Women in Combat: Issues for Congress (PDF)
Source: Congressional Research Service (via Federation of American Scientists)
Over the last few years, women have become more involved in combat operations. Since September, 2001 (to February 28, 2013), 299,548 female service members have been deployed for contingency operations in Iraq and Afghanistan. In approximately 12 years of combat operations in Iraq and Afghanistan, over 800 women have been wounded and over 130 have died.
According to the Department of Defense (DOD), as of February 29, 2013, 16,407 female members were currently deployed in contingency operation. Women have been recognized for their heroism, two earning Silver Star medals.
The expansion of roles for women in the armed forces has evolved over decades. Women are not precluded from serving in any military unit by law today. DOD policy restricting women from serving in ground combat units was most recently modified in 1994 and 2013. Under the 1994 policy, women could not be assigned to units, below the brigade level, whose primary mission is to engage in direct combat on the ground. Primarily, this meant that women were barred from infantry, artillery, armor, combat engineers, and special operations units of battalion size or smaller. On January 24, 2013, then-Secretary of Defense Leon Panetta rescinded the rule that restricted women from serving in combat units.
Various commissions and others have reviewed the issue of women in the military, in general, and women in combat units, at times at the direction of Congress. For example, the FY2009 Duncan Hunter National Defense Authorization Act contained language establishing the Military Leadership Diversity Commission. Among its duties, the Commission was to conduct a study and report on the “establishment and maintenance of fair promotion and command opportunities for ethnic- and gender-specific members of the Armed Forces at the O-5 (Lieutenant Colonel for Army, Marine Corps and Air Force, and Commander for Navy and Coast Guard) grade level and above.” Among its recommendations, the Commission stated that DOD should take deliberate steps to open additional career fields and units involved in direct ground combat to women. The Ike Skelton National Defense Act for Fiscal Year 2011 directed DOD to conduct a review to “ensure that female members have equitable opportunities to compete and excel in the Armed Forces.” [Emphasis added.]
With the repeal of the ban on women serving in combat units, some have questioned whether or if current standards should be kept in place, reviewed, modified, etc. Many women’s right supporters contend that the former exclusionary policy, or standards that, de facto, act in an exclusionary manner, prevents women from gaining leadership positions and view expanding the roles of women as a matter of civil rights. Critic s view such changes as potentially damaging to military readiness.
“Swept Away” — Abuses against Sex Workers in China
Source: Human Rights Watch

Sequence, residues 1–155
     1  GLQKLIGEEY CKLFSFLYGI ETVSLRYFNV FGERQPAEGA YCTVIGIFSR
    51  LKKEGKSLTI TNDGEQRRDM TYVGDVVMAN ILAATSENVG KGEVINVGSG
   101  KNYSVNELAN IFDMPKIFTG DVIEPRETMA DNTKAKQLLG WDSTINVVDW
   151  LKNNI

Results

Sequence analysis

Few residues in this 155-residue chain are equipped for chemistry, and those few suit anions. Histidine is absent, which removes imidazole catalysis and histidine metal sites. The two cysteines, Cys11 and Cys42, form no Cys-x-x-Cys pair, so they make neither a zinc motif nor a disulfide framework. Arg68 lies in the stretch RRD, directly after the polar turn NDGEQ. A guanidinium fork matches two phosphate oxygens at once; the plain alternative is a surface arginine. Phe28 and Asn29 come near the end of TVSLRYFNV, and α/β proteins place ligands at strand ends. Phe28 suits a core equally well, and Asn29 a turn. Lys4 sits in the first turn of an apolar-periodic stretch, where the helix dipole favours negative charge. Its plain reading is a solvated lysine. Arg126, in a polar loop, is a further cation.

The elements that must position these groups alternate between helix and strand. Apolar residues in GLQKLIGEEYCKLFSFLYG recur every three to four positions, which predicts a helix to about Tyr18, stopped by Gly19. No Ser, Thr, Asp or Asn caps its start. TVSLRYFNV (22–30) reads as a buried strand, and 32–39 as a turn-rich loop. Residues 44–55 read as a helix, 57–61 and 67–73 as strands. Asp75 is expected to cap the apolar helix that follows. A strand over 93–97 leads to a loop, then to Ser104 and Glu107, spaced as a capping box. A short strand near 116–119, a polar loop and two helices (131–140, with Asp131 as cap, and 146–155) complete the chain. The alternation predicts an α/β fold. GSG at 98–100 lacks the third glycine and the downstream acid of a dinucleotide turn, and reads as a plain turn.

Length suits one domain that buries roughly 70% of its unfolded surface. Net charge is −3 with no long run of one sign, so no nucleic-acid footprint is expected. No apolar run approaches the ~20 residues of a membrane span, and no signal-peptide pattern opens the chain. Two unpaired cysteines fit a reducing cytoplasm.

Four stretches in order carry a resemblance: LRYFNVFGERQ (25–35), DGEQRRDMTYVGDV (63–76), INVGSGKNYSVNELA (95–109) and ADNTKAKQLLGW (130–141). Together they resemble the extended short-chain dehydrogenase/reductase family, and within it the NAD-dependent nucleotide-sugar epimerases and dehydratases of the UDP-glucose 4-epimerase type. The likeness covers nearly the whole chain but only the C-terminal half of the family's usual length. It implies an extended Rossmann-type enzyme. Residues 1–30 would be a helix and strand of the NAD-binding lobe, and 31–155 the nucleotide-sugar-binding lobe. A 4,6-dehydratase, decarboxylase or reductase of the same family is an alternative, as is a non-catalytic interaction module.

This 51-page report documents abuses by the police against female sex workers in Beijing, including torture, beatings, physical assaults, arbitrary detentions, and fines, as well as a failure to investigate crimes against sex workers by clients, bosses, and state agents. The report also documents abuses by public health agencies, such as coercive HIV testing, privacy infringements, and mistreatment by health officials.
Exploring the Barriers and Opportunities for Independent Women Filmmakers (PDF)
Source: Sundance Institute
In our digital age, ideas and culture are increasingly shaped by the stories told with moving images. This context elevates film artists to an enormously influential role in determining how we see ourselves, one another, and the world around us. Yet the vast majority of films made and seen in the United States are written, directed and produced by male filmmakers whose stories tend to reflect dominant themes and reinforce the status quo. What might the future look like for both men and women given the full inclusion of a generation or two of truly empowered female perspectives in our media ecology?
There is a growing body of empirical research that documents how having a woman at the helm can affect the types of stories being told. First, female directors are more likely to feature girls and women on screen than male directors. This is true in both top-grossing films 1 and crit – ically acclaimed projects nominated for Best Picture Academy Awards over a 30-year period. 2 It is often as true for women producers as it is for women directors. Second, female producers and directors affect not only the prevalence of girls and women on screen, they also impact the very nature of a story, or the way in which a story is told. Examining more than 900 motion pictures, one study found that violence, guns/weapons, and blood/gore were less likely to be depicted when women were directing or producing, and thought-provoking topics were more likely to appear.